The imaging plates cannot be autoclaved, and extreme care must be taken when handling to avoid scratches or dust.
Film-based radiographs may be digitized for viewing on a computer in much the same way as any other document. Desktop scanners capture and digitize the light signal of whatever is placed inside them. This process is similar to placing a film on a duplicator lightbox (discussed later in this chapter). This type of indirect digital imaging is slightly less detailed than direct digital imaging because the resultant image is similar to a “copy” of the image versus the “original” (Fig. 39-7).
Digital Imaging Software Programs
Most computer software programs that are used in digital imaging are capable of performing electronic image enhancement. This means that the operator can change the following image variables together or separately (Fig. 39-8 and Box 39-1):
X-Ray Film and Film Processing
Although many dental practices are transitioning to digital techniques, a significant number of private dental practices are using conventional film-based techniques. The dental assistant must thoroughly understand the procedures and techniques necessary to process films into high-quality diagnostic dental images. It is also important to use the correct terminology. Film is the correct term to use before it has been processed. The film is in the packet; the film is placed in the bite-block; the film is exposed and processed. After the film has been processed, it becomes an image or radiograph.
Positioning instruments (dental film and sensor holders) are used to position and hold dental x-ray films or the digital sensor in the patient’s mouth. The use of a positioner keeps the patient’s fingers from being exposed to x-radiation. Positioners also assist the operator in properly placing the film or sensor and the position indicator device (PID). When a rectangular PID is used, a film holder is absolutely necessary to avoid cone cuts, or clear areas of the film that are not exposed to radiation (see Chapter 38).
Various types of intraoral positioning instruments are currently available. The sensor holders used in digital radiography are almost identical to the x-ray film holders used in conventional techniques. The primary difference is seen in the size and shape of the holder.
Double-ended instruments used for the bisecting technique hold the film or phosphor plate between two serrated plastic grips that can be locked into place (Fig. 39-9).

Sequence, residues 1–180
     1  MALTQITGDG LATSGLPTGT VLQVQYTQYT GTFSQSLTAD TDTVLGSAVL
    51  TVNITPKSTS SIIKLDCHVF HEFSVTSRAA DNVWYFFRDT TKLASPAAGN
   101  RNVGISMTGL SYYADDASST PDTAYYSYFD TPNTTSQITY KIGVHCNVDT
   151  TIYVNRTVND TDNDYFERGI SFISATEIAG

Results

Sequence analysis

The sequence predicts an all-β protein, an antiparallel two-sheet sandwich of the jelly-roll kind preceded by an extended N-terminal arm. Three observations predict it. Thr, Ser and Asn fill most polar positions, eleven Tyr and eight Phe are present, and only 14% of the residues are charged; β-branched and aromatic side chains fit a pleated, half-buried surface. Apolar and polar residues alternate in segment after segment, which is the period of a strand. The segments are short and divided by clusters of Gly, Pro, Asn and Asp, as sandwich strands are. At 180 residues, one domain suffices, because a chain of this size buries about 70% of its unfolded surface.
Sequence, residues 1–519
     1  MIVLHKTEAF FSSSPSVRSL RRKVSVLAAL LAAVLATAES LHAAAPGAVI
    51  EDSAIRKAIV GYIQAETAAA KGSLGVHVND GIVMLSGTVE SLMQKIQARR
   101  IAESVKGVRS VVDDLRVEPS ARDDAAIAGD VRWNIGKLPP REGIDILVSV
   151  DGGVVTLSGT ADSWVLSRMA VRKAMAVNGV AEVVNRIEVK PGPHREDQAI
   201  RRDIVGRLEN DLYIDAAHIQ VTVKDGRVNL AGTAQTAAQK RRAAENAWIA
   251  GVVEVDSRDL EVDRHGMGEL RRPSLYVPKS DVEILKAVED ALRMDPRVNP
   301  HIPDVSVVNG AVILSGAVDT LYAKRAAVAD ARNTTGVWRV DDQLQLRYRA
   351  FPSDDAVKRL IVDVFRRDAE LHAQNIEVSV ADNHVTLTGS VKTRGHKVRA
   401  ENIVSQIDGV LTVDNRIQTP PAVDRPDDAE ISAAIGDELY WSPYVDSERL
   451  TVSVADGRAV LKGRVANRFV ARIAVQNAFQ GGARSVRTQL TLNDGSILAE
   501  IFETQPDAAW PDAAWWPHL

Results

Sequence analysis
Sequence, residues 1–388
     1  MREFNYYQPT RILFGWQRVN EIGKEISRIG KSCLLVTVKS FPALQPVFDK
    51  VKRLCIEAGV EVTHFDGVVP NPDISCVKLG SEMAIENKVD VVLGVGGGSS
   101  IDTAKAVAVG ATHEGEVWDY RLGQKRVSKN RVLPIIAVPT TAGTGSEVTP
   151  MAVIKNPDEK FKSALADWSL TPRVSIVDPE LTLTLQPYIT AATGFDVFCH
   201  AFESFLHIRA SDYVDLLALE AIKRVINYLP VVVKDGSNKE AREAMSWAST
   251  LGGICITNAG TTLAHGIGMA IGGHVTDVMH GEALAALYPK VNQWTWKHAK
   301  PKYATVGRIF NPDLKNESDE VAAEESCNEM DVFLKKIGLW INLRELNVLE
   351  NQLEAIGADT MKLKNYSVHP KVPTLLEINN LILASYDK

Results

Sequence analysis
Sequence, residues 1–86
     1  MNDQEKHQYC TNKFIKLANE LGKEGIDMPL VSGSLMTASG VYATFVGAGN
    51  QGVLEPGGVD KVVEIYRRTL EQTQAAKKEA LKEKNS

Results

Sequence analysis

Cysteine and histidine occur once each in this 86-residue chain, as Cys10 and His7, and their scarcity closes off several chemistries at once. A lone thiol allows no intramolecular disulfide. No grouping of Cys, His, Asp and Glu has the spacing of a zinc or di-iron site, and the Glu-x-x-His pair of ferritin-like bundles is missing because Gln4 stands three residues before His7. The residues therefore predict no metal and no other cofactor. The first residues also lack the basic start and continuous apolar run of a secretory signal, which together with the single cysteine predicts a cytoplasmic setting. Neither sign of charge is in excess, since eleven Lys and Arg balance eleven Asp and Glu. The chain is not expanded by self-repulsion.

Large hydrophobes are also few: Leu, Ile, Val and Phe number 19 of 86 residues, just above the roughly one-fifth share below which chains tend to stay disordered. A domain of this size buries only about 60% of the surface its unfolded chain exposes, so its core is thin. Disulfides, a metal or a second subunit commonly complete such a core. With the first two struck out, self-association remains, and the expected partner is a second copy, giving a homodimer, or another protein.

A basic style of film holder is the disposable polystyrene (Styrofoam) bite-block with a backing plate and a slot for film retention (Fig. 39-10). Other devices include the EndoRay (Dentsply International, York, Pennsylvania) (Fig. 39-11), which is used for images with endodontic instruments in the canal.
Beam Alignment Devices
Devices used to align the beam are available from several manufacturers for both film-based and digital techniques. The beam alignment device assists in positioning of the PID in relation to the tooth and film or sensor. Rinn XCP instruments (Dentsply Rinn, Elgin, Illinois) use color-coded plastic bite-blocks, plastic aiming rings, and metal indicator arms for film-based techniques, and Rinn XCP-DS are examples of instruments used for holding digital sensors. Note: Several manufacturers produce digital sensors, and the size and shape of sensors vary slightly. You must be sure that you use a digital sensor holder designed to fit the specific brand of sensor you are using (Fig. 39-12).
Film used in dental radiography is photographic film that has been adapted for dental use. A photographic image is produced on dental x-ray film when it is exposed to x-rays that have passed through teeth and adjacent tissues. The concept is similar to an image that is recorded on photographic film after it has been exposed to light through the shutter and lens of a camera.
The dental assistant must understand the composition of x-ray film and latent image formation. The assistant also must be familiar with the types of film used in dental radiography, as well as methods of film storage and protection.
Intraoral film consists of a semi-flexible acetate film base that is coated on both sides with an emulsion of silver bromide, silver halide, and silver iodide that is sensitive to radiation. Beginning with the film base, the following layers make up a />